Ron Ross, the owner of four Wendy’s stores in the Los Angeles area, is adamant about what will happen at his restaurants now that Gov. Gavin Newsom has signed AB 257 into law.
“I think you will see the average (fast food) meal going up by $2,” Ross said.
“We’ll adjust,” he added. “We’ll cut back on our staff. So, less people will make the same hours, we’ll employ less people and raise prices. It’s either that or go out of business.”
The new state law, signed by Newsom on Labor Day, will create a 10-member panel to impose new rules on quick service restaurants.
The panel could force restaurant operators to set wages, schedules and work rules, among other things. The council’s orders would apply to restaurants in the state that are part of a set of fast-food chains consisting of 100 or more establishments nationally that share a common brand.
The council can raise the minimum wage to as high as $22 an hour starting next year and then increase it by the consumer price index or up to 3.5%.
The Stop AB 257 campaign, founded by the California Restaurant Association and International Franchise Association, said in a statement that by making AB 257 law, Newsom has targeted one slice of California’s small businesses and consumers who rely on counter service restaurants to feed their families.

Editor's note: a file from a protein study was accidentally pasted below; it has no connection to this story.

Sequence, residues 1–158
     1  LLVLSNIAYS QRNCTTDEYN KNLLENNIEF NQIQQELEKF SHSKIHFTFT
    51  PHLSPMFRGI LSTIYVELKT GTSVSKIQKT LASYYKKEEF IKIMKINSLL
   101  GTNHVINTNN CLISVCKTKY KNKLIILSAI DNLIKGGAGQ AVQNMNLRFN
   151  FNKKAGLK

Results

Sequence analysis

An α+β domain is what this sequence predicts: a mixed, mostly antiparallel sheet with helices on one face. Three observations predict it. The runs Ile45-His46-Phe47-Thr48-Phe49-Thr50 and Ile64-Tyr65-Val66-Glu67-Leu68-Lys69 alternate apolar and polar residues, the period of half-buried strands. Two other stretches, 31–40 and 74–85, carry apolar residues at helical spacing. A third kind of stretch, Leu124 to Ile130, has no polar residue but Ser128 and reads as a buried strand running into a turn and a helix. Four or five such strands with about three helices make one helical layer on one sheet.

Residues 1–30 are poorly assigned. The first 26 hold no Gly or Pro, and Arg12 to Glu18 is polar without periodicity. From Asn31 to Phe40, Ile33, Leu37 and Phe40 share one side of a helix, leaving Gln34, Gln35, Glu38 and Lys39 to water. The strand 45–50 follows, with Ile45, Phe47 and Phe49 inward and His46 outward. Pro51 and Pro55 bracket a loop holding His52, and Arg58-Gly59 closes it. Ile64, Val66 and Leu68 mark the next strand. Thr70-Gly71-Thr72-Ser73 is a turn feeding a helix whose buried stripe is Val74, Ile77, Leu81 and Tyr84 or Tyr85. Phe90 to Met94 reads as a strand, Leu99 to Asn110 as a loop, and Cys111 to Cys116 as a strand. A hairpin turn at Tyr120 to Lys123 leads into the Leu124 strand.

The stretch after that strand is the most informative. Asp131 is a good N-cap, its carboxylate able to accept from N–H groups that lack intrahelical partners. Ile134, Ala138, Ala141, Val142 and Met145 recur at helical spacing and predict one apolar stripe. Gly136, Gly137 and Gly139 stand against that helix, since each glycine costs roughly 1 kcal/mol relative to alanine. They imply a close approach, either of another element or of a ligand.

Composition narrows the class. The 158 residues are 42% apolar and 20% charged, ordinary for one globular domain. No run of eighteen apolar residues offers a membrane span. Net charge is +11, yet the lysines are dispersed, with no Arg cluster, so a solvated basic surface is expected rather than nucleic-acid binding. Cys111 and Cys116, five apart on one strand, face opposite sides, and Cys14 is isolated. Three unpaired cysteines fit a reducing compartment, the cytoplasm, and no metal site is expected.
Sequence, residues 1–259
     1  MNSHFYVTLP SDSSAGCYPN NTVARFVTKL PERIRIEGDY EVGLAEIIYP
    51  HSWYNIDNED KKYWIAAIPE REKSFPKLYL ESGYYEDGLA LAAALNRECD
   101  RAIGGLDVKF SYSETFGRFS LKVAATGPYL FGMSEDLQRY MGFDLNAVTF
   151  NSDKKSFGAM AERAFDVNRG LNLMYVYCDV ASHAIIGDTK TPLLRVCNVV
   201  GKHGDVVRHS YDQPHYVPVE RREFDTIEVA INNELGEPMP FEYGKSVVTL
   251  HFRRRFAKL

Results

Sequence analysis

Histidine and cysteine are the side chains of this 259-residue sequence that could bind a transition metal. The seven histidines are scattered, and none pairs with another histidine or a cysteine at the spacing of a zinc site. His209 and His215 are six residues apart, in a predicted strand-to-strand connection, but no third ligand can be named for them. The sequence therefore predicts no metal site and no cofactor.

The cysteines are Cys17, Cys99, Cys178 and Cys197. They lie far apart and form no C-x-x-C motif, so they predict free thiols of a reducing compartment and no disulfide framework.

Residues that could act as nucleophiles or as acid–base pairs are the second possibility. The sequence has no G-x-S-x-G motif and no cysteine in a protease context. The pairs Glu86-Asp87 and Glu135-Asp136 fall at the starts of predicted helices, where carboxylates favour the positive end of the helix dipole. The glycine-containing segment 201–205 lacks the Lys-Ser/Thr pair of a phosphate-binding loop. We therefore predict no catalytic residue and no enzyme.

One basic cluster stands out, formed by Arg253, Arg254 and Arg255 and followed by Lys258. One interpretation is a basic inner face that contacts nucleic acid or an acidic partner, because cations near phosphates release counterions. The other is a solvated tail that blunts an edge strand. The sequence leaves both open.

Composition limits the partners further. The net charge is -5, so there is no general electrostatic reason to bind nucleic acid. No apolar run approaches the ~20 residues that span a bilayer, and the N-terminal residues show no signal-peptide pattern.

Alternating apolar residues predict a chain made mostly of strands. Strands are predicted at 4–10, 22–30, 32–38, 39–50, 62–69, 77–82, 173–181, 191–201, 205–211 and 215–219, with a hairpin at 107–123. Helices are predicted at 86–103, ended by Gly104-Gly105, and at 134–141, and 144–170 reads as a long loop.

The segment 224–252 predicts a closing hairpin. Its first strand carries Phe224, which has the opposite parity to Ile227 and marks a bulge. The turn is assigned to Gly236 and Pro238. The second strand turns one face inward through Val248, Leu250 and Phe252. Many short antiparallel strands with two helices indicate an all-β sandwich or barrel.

“As individual employers and neighborhood restaurants across the state, we will use every tool at our disposal to protect our consumers, workers, and other job providers from the pain and havoc that will result from enacting this bill,” the group said in the statement.
Ross, who has been a Wendy’s franchisee for over 30 years and has restaurant locations in Woodland Hills, Monrovia, Pico Rivera and Southgate, said that maybe the panel won’t raise fast-food workers’ pay to $22 an hour and instead gradually increase it.
“I find it amazing that they already had a number ($22) in mind before the bill was passed,” Ross said.
At $22 an hour, an employee would make about $45,760 in gross wages a year. That is a lot for what Ross describes as a first job. The people who get take those jobs are generally unskilled and not raising a family or buying a million-dollar home, he added.
“Well, go back to the days of (Wendy’s founder) Dave Thomas and it was a starting wage and a starting job to learn some responsibility,” Ross said. “Now we are chasing some livable wage, I guess.”
But if there is a silver lining in the bill becoming law, it is that it will be easier to hire employees, Ross said.
“You can’t go to full service and make that kind of money. You can’t go to Macy’s and make that kind of money. You can’t go to Home Depot and make that kind of money,” he added.